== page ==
Rotes Quadrat, 1915
mit freundlicher Genehmigung
der Galerie Gmurzynska, Zug

Schwarzer Kreis, 1915
mit freundlicher Genehmigung
der Galerie Gmurzynska, Zug

As radical as the Black Square was in its formal reduction and in its renouncement of references to realities extraneous to the image, it was not sent alone into the race. Suprematism immediately revealed itself as encompassing an entire cosmos of possibilities. Along with the paintings that made do with a surface, a cross, or a circle were those that dissolved the monolithic blocks of form into a many-faceted combination of larger and smaller shapes. No longer tied to an illusionistic pictorial space, the surfaces seemed to become liberated from gravity and well capable of regrouping in ever newer combinations. There was a flying and a gliding, a suspension and flow as though the laws of nature themselves suddenly stood at our disposal.

Suprematismus, 1915
Staatliches Russisches Museum, St. Petersburg

Not least, they are highly fragile constructions that required a strong degree of protection from the very beginning, one that was powerful with words. With their renouncement of representation, they did not renounce meaning; on the contrary. They strove to constitute a counter-proposal that could encompass much more than the representational or the worldly could ever describe. They aimed for the absolute and the transcendental. Why shouldn't that be perceived as a freedom, this possibility to infuse a form with newer and newer claims?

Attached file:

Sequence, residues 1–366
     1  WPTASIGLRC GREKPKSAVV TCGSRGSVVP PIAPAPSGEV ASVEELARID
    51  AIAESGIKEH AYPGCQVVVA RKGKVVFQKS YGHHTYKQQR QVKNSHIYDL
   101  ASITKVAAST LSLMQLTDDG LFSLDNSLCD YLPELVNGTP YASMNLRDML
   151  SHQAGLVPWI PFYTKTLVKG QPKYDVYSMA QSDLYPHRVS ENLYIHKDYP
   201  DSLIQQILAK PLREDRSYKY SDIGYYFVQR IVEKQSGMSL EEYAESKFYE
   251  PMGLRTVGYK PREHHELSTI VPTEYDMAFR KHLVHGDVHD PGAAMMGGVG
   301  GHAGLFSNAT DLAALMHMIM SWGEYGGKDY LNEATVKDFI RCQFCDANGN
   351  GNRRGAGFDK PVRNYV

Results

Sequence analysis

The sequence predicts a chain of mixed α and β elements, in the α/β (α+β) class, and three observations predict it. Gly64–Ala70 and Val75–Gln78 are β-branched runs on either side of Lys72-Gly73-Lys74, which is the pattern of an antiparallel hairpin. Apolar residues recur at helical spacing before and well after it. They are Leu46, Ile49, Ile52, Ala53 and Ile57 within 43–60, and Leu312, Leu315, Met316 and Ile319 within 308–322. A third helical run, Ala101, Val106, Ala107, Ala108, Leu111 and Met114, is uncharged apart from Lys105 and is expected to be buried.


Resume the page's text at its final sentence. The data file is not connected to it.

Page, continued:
O.Rosanowa, X. Boguslawskaja und K. Malewitsch auf der Ausstellung 0.10
Galerie Dobytschina, Petrograd, 1915- 16
Staatliches Russisches Museum, St. Petersburg

"And I'm happy that my square's face can't be compared to any master or period. Am I right? I didn't obey the fathers, and I'm not like them," Malevich wrote triumphantly and polemically in 1916 to his opponents. Malevich demanded art's liberation from every ideology, under which abstract forms did not allow themselves to be subsumed. In a text similar to a manifesto on the first exhibition of his suprematist paintings, this belief becomes apparent: "I have transformed myself into the zero of forms and have fished myself out of the stinking morass of academic art. I have broken through the ring of the horizon and have escaped the circle of things, the ring of the horizon that entraps the artists and the forms of nature. (…) Things have disappeared like smoke, art too moves forth towards a new culture of art, towards the creative as a means unto itself, to a supremacy over the forms of nature."